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Bluetooth Low Energy, Zigbee, and cognitive 3D-ICs add muscle to telehealth

2/10/2011 09:07 PM EST
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PierreG
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re: Bluetooth Low Energy, Zigbee, and cognitive 3D-ICs add muscle to telehealth
PierreG   2/16/2011 11:48:36 AM
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@ mizuno_takashi : Personally, I don’t believe that operating in the 900MHz band would have much value added as far as healthcare applications are concerned (for other application profiles such as ‘smart grid’ that could be a different story though). Sure you will get 8-9dB of extra link budget but the 802.15.4-2.4Ghz mode is already extremely robust, as pointed out in the article, and should you need to cover larger areas, you have the possibility to easily migrate from a star to a mesh-like networking topology. On the contrary, you should keep in mind that the 802.15.4-915MHz mandatory mode only transmits at 40kb/s (and not 250kb/s like in the case of the 2.4GHz mode). Meaning, it would take ~6x more time (and so energy) to transmit the same amount of data, which is somewhat detrimental IMO. In Bluetooth mode, it is indeed a BLE single mode device.

mizuno_takashi
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re: Bluetooth Low Energy, Zigbee, and cognitive 3D-ICs add muscle to telehealth
mizuno_takashi   2/16/2011 2:46:06 AM
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For zigbee mode, can the radio function at 900mhz too (or 2.4ghz only) for even more range? and for bluetooth mode, this is bluetooth low energy single mode, right? thank you

PierreG
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re: Bluetooth Low Energy, Zigbee, and cognitive 3D-ICs add muscle to telehealth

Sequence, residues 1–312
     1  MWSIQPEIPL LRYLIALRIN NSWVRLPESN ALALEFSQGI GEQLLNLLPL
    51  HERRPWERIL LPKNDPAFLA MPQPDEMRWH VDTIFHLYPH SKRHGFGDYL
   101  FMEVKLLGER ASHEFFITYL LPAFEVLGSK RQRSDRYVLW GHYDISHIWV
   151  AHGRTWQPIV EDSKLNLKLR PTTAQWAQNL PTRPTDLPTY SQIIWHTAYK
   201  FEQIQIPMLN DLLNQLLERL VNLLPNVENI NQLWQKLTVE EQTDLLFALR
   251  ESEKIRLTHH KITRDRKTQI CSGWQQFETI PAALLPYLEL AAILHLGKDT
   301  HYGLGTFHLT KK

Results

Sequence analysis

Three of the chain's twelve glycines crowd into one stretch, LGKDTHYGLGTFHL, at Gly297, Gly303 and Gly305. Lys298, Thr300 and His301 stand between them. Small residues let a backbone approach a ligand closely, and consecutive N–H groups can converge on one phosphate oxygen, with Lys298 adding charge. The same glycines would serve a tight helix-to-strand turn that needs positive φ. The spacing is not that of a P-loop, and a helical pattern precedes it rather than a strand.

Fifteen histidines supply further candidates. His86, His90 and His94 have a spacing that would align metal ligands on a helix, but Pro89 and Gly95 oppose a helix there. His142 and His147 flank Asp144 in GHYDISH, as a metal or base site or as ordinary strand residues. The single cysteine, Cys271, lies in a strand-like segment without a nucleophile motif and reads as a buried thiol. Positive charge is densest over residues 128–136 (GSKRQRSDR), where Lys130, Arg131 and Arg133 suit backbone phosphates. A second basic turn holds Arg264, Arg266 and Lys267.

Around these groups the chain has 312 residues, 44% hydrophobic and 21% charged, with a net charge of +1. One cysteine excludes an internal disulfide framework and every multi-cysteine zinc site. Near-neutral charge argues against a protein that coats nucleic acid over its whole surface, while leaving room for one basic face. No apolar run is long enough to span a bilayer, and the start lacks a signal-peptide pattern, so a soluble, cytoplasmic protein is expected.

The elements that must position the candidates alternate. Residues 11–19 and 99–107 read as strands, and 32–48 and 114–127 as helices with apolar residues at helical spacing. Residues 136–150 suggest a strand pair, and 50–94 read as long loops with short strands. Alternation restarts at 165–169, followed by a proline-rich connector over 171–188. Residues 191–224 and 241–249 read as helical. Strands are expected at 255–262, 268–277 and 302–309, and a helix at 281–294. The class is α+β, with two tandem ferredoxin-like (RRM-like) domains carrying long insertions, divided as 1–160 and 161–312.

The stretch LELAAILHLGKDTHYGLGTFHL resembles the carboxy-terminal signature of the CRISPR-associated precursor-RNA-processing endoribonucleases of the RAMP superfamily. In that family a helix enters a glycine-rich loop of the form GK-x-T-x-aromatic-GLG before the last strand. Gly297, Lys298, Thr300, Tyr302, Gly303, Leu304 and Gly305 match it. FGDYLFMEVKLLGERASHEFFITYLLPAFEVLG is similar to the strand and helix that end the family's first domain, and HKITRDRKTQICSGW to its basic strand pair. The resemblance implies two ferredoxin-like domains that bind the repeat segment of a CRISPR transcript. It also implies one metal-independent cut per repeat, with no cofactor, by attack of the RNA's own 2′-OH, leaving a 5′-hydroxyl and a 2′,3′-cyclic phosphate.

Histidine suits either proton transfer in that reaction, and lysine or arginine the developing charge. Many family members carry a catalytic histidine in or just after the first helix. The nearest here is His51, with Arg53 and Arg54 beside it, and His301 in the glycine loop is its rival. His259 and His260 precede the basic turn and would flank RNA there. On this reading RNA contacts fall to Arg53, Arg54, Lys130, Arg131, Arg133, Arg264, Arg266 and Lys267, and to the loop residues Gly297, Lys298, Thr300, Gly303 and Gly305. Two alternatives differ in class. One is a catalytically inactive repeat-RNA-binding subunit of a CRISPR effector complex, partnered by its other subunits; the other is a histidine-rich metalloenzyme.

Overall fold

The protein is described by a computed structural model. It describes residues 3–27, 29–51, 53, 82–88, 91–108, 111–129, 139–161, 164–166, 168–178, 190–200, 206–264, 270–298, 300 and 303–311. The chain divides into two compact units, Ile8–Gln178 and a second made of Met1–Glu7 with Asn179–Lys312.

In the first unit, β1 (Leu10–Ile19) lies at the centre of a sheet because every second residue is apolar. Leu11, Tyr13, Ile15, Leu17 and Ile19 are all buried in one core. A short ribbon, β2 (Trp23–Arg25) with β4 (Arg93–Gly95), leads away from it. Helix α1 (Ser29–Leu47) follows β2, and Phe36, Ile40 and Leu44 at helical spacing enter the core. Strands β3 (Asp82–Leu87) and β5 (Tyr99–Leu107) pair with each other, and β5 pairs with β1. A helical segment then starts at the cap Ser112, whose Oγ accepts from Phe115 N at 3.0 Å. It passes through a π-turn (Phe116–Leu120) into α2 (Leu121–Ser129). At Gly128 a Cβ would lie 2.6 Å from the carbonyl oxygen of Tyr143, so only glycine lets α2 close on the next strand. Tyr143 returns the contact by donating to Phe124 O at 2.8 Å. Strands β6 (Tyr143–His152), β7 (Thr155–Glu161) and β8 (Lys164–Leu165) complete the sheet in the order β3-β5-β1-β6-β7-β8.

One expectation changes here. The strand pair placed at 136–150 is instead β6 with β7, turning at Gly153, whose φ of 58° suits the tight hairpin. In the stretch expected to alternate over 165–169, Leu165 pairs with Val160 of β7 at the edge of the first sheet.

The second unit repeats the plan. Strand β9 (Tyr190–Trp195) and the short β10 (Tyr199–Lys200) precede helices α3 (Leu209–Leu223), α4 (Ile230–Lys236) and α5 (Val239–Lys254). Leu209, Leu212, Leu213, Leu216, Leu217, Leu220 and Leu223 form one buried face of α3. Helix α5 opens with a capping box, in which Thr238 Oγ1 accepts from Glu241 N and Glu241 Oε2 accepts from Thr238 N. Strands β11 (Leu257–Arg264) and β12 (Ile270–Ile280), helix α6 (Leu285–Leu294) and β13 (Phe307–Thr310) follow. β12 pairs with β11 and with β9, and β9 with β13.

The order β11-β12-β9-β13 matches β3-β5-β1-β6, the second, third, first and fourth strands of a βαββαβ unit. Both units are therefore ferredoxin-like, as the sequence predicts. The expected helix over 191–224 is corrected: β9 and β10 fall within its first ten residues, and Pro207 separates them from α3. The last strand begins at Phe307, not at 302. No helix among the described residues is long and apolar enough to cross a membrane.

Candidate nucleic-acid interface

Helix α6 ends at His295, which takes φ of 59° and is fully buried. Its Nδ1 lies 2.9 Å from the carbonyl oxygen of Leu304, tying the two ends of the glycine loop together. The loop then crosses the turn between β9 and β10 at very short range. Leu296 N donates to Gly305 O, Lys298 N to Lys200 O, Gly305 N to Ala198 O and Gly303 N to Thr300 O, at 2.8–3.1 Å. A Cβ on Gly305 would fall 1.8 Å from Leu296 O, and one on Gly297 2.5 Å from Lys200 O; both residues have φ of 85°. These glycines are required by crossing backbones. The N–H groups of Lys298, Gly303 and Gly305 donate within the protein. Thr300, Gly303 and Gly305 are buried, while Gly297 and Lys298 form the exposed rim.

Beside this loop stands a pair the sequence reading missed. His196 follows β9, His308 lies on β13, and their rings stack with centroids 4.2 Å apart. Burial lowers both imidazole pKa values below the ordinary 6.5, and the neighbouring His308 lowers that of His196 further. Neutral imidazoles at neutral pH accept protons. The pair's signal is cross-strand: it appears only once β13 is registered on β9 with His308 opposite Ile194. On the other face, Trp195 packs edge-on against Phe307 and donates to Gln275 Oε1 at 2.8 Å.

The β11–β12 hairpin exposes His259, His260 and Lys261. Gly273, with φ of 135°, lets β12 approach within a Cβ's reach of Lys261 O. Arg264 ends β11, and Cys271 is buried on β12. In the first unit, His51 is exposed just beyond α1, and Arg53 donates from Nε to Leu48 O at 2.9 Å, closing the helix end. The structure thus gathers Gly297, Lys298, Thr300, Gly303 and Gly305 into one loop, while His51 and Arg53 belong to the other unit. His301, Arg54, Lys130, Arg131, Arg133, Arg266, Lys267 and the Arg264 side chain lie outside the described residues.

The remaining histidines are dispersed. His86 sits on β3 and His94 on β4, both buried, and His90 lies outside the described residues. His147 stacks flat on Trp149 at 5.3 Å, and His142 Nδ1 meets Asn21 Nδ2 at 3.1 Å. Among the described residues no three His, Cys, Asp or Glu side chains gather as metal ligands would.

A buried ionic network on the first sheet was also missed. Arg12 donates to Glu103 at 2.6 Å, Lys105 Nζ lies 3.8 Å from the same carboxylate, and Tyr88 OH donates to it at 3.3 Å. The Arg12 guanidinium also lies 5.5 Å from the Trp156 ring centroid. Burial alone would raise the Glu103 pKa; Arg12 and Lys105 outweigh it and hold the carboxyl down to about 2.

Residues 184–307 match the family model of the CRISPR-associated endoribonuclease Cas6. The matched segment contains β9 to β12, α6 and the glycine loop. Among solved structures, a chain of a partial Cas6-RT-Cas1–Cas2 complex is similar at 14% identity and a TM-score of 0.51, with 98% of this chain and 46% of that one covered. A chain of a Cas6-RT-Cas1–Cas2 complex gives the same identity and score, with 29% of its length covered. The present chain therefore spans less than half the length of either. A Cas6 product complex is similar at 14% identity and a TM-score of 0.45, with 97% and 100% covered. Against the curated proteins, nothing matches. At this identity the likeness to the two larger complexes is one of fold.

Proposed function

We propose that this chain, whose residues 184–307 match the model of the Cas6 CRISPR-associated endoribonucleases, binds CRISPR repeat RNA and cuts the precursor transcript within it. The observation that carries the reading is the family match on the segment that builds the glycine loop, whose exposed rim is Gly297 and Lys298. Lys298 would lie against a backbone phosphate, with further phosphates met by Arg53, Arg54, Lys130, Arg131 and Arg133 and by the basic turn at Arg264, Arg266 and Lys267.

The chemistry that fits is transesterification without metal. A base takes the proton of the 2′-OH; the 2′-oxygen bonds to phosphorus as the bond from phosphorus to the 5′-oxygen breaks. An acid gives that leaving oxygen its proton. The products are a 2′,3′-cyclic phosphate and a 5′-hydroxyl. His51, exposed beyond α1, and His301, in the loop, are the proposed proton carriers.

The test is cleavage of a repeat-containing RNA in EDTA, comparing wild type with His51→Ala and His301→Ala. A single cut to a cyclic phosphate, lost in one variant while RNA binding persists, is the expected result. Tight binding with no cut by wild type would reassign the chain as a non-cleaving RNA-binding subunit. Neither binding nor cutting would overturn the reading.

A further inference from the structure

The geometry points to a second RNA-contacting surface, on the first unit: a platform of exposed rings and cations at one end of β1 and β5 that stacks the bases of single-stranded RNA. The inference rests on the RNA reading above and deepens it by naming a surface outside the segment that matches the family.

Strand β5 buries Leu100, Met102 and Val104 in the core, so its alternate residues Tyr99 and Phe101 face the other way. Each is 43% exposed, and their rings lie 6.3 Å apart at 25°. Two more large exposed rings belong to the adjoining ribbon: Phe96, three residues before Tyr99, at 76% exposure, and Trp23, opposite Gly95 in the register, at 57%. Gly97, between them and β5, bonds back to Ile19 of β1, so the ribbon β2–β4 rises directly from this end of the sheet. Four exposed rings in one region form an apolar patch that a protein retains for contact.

PierreG   2/12/2011 2:24:40 PM
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@ electronix79: with respect to your security questions, both standards are in line with HIPAA guidelines (security and privacy of health data) and have provisions for authentication, encryption, data integrity... That being said, there may be some “weaknesses” , under certain conditions, that you might want to be aware of. For instance, in the case of BLE, it would be fair to point out that the pairing/authentication process is done without a Diffie-Hellman exchange at the present time (so possible eavesdropping) and that several pairing methods have been defined (‘just works’ , ‘passkey entry’ and ‘out of band’). In the case of the ‘just works’ method, the Temporary Key, that is used, along with a random number and device addresses, to compute a ‘confirm value’ (that the other end of the communication link will have to recalculate and, if there is a match, pairing will then be confirmed), has a value set to 0. Moreover, the Short-Term Key, used to encrypt the connection following pairing, is also generated out of the Temporary Key and the random numbers having been exchanged during the pairing process. So, if you happen to be within range of the 2 devices at the right time, during the pairing process, it would be fairly easy for an attacker, in that case, to get your Short-Term key and decrypt traffic. As for your other questions, I cannot make any comments publicly at that time, as I guess you will understand, besides the fact that we provide complete IC system solutions (inc, HW, SW stacks, context and device manager, services and beyond…).

electronix79
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re: Bluetooth Low Energy, Zigbee, and cognitive 3D-ICs add muscle to telehealth
electronix79   2/11/2011 12:33:41 PM
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Is any hardware product planed to be ready in the near future? Any time when? What abou the software stack for both wireless transceivers? As for hardware control and also for the stacks? What about the security is it proved to be secure for this kind of applications?

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